Small wonder, then, that Roosevelt in 1942 already wrote to Churchill that he, Roosevelt, should be the leader in wartime discussions with Stalin, since Stalin trusted him and distrusted Churchill's advisers as anti-Soviet! “I know you will not mind my being brutally frank with you when I tell you that I think I can handle Stalin better than your Foreign Office or my State Department. Stalin hates the guts of all your top people. He thinks he likes me better and I hope he will continue to do so.” (Draper, in a subsequent exchange of letters in the New York Review, dismisses this statement as mere Rooseveltian boast-fulness; it helps considerably, however, to understand the context for this boast, if boast it was and not simple candor.)
Whatever one makes of such speculations, it is undoubtedly true that from the moment of Pearl Harbor, Roosevelt gave his undivided attention to winning the war—this was the job to be done. It is also true that he paid very little attention to Soviet wartime actions or their portents. Whatever worries others in his entourage may have had, Roosevelt simply does not appear to have been bothered about Stalin's possible betrayal of the Allied war effort. Instead, Roosevelt clearly defined the war in simple ways. He wished to smash the Axis. Also, he had two fronts to fight upon: the American front in the Pacific and the joint front in Europe. He thought it necessary to get Stalin's help, after VE day, in winning against Japan, and he was willing to pay the price of Soviet domination of Eastern Europe for that.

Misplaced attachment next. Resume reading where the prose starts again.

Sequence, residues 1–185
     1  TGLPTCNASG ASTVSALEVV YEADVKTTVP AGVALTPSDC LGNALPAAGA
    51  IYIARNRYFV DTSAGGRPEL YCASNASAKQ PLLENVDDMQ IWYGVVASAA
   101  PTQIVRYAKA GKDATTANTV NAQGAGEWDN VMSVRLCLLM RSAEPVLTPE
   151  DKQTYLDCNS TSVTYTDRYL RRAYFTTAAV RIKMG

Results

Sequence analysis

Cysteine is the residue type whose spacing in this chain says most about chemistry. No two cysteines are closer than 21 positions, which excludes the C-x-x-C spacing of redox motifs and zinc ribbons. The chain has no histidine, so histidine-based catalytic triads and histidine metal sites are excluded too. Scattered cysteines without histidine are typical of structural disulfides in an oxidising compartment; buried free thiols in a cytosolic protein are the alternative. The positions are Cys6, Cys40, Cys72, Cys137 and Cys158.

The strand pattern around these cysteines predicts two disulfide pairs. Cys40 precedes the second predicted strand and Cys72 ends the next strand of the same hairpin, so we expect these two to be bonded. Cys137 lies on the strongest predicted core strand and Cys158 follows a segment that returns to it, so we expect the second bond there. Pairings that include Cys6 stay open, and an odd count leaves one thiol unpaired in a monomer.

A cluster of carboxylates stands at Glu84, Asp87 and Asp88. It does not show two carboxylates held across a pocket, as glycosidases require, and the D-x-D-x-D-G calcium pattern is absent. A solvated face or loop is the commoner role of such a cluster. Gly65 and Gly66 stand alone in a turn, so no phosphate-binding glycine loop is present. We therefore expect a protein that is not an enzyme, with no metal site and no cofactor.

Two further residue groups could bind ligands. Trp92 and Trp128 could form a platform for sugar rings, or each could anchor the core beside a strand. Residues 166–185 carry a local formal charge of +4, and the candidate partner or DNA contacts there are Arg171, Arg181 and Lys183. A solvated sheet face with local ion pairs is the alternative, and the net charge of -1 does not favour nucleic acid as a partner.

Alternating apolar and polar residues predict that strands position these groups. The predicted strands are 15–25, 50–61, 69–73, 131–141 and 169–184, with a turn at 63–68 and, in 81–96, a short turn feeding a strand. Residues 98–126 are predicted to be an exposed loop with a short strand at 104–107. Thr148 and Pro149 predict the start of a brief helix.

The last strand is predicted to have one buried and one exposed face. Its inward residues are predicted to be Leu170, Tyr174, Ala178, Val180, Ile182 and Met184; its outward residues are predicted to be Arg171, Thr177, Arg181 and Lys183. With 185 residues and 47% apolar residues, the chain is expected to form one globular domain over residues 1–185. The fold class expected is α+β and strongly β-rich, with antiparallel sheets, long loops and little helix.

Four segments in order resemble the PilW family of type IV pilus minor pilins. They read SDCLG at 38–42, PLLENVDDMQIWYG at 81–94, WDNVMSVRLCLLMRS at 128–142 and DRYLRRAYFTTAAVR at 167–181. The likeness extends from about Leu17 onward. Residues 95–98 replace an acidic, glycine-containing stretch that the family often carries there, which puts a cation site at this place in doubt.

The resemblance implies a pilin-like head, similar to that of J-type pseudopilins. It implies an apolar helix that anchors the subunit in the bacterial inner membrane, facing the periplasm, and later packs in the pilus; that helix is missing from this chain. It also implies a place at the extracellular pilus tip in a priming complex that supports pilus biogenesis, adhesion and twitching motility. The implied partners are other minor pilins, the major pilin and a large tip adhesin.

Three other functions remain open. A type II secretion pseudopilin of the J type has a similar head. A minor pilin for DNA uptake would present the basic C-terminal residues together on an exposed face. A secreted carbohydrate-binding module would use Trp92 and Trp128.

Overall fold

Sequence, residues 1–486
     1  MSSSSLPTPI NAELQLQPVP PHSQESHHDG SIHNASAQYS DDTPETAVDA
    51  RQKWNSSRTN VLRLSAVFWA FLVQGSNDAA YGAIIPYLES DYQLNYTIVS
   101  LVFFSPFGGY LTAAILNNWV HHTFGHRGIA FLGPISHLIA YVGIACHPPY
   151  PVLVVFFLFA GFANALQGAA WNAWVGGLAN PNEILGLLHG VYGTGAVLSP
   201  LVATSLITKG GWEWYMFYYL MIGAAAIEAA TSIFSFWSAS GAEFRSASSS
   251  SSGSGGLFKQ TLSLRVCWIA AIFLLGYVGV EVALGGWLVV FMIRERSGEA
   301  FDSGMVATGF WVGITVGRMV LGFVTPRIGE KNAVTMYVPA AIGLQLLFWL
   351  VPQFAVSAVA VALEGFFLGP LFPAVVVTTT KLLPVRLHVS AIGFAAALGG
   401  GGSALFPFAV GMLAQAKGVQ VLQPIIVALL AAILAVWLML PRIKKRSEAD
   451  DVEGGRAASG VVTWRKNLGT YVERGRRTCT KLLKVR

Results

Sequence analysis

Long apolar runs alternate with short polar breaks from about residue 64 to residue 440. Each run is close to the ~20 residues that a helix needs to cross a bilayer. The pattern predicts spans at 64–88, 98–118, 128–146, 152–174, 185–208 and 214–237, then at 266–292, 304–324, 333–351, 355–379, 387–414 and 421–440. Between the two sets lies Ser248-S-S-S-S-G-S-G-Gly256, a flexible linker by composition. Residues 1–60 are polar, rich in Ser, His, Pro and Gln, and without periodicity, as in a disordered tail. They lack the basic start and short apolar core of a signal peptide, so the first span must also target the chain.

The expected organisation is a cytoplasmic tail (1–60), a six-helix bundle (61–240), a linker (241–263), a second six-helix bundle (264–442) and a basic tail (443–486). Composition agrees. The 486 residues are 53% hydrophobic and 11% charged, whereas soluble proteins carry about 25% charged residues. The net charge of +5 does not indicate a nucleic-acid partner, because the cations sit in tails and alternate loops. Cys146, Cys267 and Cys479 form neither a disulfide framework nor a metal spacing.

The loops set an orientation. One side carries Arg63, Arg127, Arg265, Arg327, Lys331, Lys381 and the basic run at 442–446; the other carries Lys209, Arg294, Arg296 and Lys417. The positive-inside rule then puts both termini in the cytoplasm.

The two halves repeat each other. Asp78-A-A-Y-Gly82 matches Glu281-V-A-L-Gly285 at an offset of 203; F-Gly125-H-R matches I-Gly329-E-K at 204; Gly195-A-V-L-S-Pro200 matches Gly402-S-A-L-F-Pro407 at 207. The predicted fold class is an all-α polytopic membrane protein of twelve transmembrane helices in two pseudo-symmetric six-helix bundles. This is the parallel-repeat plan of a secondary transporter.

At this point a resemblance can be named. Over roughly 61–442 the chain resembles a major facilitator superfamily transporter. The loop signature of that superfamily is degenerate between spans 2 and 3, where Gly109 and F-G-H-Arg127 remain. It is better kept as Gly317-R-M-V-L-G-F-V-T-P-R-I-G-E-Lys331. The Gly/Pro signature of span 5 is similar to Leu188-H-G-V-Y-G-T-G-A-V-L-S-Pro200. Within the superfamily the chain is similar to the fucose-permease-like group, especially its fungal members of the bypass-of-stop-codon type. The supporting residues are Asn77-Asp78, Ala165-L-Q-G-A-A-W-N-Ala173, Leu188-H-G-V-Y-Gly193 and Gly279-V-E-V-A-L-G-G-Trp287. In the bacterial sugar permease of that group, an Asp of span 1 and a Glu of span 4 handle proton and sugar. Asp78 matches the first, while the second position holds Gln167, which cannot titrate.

Yet considering the combination of these obvious facts, we still must judge Roosevelt for the missing element in his equations—an absence of strategic reflection as to the likely contours of world politics after the Axis collapse and defeat. Despite Draper's tortured attempt to make it appear otherwise, again and again Churchill tried to remind Roosevelt of the political implications and side effects of battlefield operations, particularly the unpleasant ones. Again and again, as in the Warsaw uprising affair, Roosevelt showed little interest
This Roosevelt mind-set, it must be emphasized, infected key subordinates and their battlefield decisions as well: no political considerations other than those related to the surrender of Nazi Germany were allowed to contaminate field operations. One logical consequence of this was to be seen in the spring of 1945, soon after Yalta, when Eisenhower—charged, as Allied Supreme Commander, with the pursuit and defeat of the Reichswehr—turned his forces southward toward a pitiful Reichswehr redoubt in Bavaria, and away from the momentous drive to Berlin. The decision may have been Eisenhower's alone, but it certainly was compatible with Roosevelt's overall strategy. In any event, it was the Soviet Red banner which was raised in triumph over the Reichstag in May 1945, and not the Stars and Stripes.
If Roosevelt correctly sized up the American temperament, then both as politician and warrior-leader he succeeded brilliantly. Americans got what they wanted—a quick solution. But as statesman he failed miserably. The eastern periphery of the Free World was thenceforward to lie to the west of Magdeburg, and Prague, which could easily have been taken by American forces, was to experience Red Army liberation instead. Roosevelt led his nation to victory, but at a price which his colleague Churchill clearly did not wish to share, and whose dangers many experienced and well-informed Americans on whom the White House could have drawn (such as Averell Harriman, George Kennan, and others) also sensed.
What happened at Yalta itself was the catastrophic consummation of these wartime strategic decisions. In fact, that consummation was foreshadowed by the very choice of Yalta as a site.